Andrea Phillips sat on her stoop trying to catch a moment of silence within the madness of knowing her husband, Capt. Richard Phillips, had been taken captive by Somali pirates at sea. Little did she know, a photographer was across the road struggling with the decision whether to break her peace and get the photograph that other news agencies were clamoring for.
Her family’s story was huge and was being played out in newspapers, television stations and online news sources around the world. And the photographer had a decision to make.
The Phillipses, their daughter, Castleton student Mariah Phillips, and Associated Press photographer Toby Talbot attended a photojournalism class at Castleton last week telling their story.
The Phillips’ hometown of Underhill, Vt. was overtaken by media as her husband was held hostage. Her front lawn turned into a stomping ground for cameramen and reporters. In a bigger city, action might have been taken to kick the media off of her property, but with a small town state of mind, Andrea welcomed them into her home.
“I did not know that this was going to turn into what it was at this point. All I knew was that pirates were on the ship. As soon as I found out that Richard was taken hostage, the media was kicked out,” Andrea told the class.
Talbot, an AP photographer since 1983, was one of the countless media representatives assigned to cover the story.
“Any news that happens in Vermont, I’m the guy that takes that picture,” he said.
So, when the Phillips story broke, Talbot was one of the first ones on the scene. Problem was, Andrea was adamant about her photo not being taken during this whole ordeal. Talbot, who decided not to snap the shot, told students that photographers need to respect people and know when to be human in a situation and not snap that photograph.
“I was pleading with everyone to not take my picture. I am a registered nurse in Burlington and know a lot of people. I just really didn’t want this to be about me or my kids. It was very overwhelming,” said Andrea.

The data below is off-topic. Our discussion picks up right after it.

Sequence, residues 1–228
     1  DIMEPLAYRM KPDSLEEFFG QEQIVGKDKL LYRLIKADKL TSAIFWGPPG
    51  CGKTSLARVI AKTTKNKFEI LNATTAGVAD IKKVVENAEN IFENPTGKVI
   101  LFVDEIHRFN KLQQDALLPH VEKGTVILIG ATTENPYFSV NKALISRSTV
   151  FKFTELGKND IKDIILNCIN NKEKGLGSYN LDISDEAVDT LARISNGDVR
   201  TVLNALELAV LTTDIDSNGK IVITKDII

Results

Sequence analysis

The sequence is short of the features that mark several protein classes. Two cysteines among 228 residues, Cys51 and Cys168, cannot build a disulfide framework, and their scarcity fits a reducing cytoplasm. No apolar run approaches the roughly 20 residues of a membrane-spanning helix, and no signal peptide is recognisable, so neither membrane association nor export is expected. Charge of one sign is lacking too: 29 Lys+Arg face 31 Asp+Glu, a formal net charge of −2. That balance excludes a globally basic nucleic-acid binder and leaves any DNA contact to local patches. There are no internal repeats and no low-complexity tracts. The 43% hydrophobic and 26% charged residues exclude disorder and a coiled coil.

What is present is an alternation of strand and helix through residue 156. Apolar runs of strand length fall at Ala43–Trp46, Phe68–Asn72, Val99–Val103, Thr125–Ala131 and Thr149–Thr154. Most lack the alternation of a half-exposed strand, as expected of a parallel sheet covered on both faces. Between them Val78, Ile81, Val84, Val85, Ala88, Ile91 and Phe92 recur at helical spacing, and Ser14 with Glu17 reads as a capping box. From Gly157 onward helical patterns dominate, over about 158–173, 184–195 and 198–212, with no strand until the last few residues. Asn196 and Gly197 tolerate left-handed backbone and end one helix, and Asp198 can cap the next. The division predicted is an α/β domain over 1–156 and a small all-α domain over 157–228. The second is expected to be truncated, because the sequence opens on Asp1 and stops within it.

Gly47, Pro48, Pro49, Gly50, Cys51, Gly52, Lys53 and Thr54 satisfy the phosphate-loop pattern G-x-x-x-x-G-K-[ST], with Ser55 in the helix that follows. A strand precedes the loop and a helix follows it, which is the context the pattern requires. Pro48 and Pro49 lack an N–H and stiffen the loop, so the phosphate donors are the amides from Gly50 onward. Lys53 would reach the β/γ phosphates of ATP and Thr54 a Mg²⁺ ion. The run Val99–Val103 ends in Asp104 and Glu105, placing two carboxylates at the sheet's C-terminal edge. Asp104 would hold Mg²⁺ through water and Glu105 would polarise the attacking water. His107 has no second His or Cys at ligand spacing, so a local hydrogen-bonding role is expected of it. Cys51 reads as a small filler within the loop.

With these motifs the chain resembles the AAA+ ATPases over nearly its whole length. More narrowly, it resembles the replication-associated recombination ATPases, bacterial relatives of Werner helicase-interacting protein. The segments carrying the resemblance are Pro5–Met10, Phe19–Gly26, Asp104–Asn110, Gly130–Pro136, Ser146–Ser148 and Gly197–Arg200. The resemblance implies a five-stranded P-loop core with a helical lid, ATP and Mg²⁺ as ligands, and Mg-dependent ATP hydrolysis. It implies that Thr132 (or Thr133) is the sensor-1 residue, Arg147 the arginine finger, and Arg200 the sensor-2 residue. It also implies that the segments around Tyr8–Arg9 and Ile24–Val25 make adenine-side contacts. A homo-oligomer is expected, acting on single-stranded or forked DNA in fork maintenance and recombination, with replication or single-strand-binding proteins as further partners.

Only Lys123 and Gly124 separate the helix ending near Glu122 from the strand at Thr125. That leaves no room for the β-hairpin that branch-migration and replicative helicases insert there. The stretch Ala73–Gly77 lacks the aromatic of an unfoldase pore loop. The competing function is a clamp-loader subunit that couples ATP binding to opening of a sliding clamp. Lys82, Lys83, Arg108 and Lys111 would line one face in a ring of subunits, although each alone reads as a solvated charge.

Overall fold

Andrea’s normally slow paced town turned into media frenzy. Everyone waited for news about Capt. Phillips, good or bad, so they could catch the family’s reaction.
“I tried to be nice to everyone. I’m Italian so I wanted to take care of everyone. I asked people if they needed to use the bathroom, but then realized I got hounded every time I stepped outside. I just camped out inside my house. The only thing I kept saying to people was that when I have something to say I will, but I don’t,” said Andrea.
“Richard learned not to trust pirates, and I learned not to trust photojournalists,” added Andrea.
While this was going on at home, Capt. Phillips was being held captive on a ship with pirates, completely unaware that the media was following his story throughout the world.
“All I was thinking was that I am in a lot of trouble, I’m in a life boat, no one knows I’m here,” said Capt. Phillips.
“Richard had four pirates to deal with, I had the media, I am pretty sure I had it worse,” Andrea said to the class.
Capt. Phillips told the class about his horrowing time in the life boat, but he said the thing that baffled him the most was how much media was attached to this, and still is.
“I’m happy swine flu came along to take over the headlines,” he said.
Media still surrounds the Phillips family. A book will be coming out about his story and a possibly a movie too. But this small town family continues to live their normal everyday life, interrupted occasionally by some random reporter from time to time.
“I had a great life before. I wish it had never happened, I would be back at work now. I don’t see it as a plus for me being the first captain to be taken, I see it as a bad thing,” Capt. Phillips said.
“Richard has always been my hero, I just didn’t think I’d have to share him with the rest of the world,” said Andrea.